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“Misinformation is not like a plumbing problem you fix. It is a social condition, like crime, that you must constantly monitor and adjust to.” -Tom Rosenstiel

As a society, we are blessed to live in an age of abundant and easily accessible information. However, it can be difficult to distinguish between what is true and what is false. As pediatric providers, we have become aware of this- especially when it comes to parents who are concerned about vaccine safety. These concerns must be acknowledged and addressed. Along with providing medical advice and resources for reliable information, we should also be educating parents on how misinformation is presented.

Here are some important things to consider when it comes to misinformation about vaccines:

  • Pseudoscience- this is when an article claims to be scientific and factual, but in fact, does not employ the scientific method. It takes years of education and professional experience to acquire the skills to differentiate between a properly conducted study vs an improper one. This is why most respected journals use peer review prior to publishing articles. It is extremely easy to publish a poor article with ambiguous data, often skewed to show a preferred outcome, while ignoring/ not presenting conflicting outcomes. These kinds of articles are usually published in undistinguished journals or “naturopathic” websites.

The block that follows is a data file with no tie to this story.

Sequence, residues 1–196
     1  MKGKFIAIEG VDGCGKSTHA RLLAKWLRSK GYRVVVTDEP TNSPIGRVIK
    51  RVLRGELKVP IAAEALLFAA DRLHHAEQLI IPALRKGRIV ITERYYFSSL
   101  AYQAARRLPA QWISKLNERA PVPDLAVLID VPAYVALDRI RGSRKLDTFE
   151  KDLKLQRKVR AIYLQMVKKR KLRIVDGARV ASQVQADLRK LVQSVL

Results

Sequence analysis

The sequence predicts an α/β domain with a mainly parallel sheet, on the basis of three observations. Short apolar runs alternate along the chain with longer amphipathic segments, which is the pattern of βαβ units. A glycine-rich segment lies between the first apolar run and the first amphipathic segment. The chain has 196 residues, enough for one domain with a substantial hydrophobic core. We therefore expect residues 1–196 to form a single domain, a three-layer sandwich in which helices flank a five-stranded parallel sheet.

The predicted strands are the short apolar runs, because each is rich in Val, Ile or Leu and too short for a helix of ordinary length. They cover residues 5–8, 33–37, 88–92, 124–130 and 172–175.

• Correlation does not imply causation. This is the statistical principle that just because two things coincide with each other, they are not necessarily caused by or related to each other. For example, if we plotted autism diagnoses made in the last 50 years, we would see a steady rise. Next, if we plotted the sale of organic food products in the last 50 years, we would also see a steady rise. So, does this mean that organic food consumption causes autism? Well, we cannot say, because correlation does not imply causation. It is a common practice of these anti-vaccine articles to imply that as the rate of vaccination increased, so did the rate of autism, therefore vaccinations cause autism. However, the scientific data points us to the fact that vaccination rates increased due to public health efforts and thus the rate of morbidity and mortality of these infectious diseases rapidly declined. We are also aware that the rate of autism diagnoses has increased due to better screening tools and better guidelines to diagnose a child with an autism spectrum disorder. This allows early access to interventions that are focused on providing autistic children with the tools they need to maximize their optimal development.